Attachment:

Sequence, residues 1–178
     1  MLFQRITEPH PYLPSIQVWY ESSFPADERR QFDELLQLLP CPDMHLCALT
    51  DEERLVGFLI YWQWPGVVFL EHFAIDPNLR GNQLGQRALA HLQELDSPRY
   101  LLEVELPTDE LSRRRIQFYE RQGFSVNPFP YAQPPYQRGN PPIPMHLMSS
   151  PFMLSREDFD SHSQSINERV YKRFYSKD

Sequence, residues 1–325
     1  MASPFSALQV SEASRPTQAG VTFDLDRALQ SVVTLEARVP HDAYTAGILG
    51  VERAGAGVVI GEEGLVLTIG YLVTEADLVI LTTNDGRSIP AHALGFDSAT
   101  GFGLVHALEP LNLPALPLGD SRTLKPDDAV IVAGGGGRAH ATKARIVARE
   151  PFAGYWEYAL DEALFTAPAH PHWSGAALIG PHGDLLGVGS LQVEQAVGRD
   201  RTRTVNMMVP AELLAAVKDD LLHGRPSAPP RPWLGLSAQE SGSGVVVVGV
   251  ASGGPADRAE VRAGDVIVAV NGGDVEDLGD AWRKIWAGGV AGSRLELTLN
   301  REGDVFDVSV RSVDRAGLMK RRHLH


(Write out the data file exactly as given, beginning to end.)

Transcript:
Sequence, residues 1–178
     1  MLFQRITEPH PYLPSIQVWY ESSFPADERR QFDELLQLLP CPDMHLCALT
    51  DEERLVGFLI YWQWPGVVFL EHFAIDPNLR GNQLGQRALA HLQELDSPRY
   101  LLEVELPTDE LSRRRIQFYE RQGFSVNPFP YAQPPYQRGN PPIPMHLMSS
   151  PFMLSREDFD SHSQSINERV YKRFYSKD

Sequence, residues 1–325
     1  MASPFSALQV SEASRPTQAG VTFDLDRALQ SVVTLEARVP HDAYTAGILG
    51  VERAGAGVVI GEEGLVLTIG YLVTEADLVI LTTNDGRSIP AHALGFDSAT
   101  GFGLVHALEP LNLPALPLGD SRTLKPDDAV IVAGGGGRAH ATKARIVARE
   151  PFAGYWEYAL DEALFTAPAH PHWSGAALIG PHGDLLGVGS LQVEQAVGRD
   201  RTRTVNMMVP AELLAAVKDD LLHGRPSAPP RPWLGLSAQE SGSGVVVVGV
   251  ASGGPADRAE VRAGDVIVAV NGGDVEDLGD AWRKIWAGGV AGSRLELTLN
   301  REGDVFDVSV RSVDRAGLMK RRHLH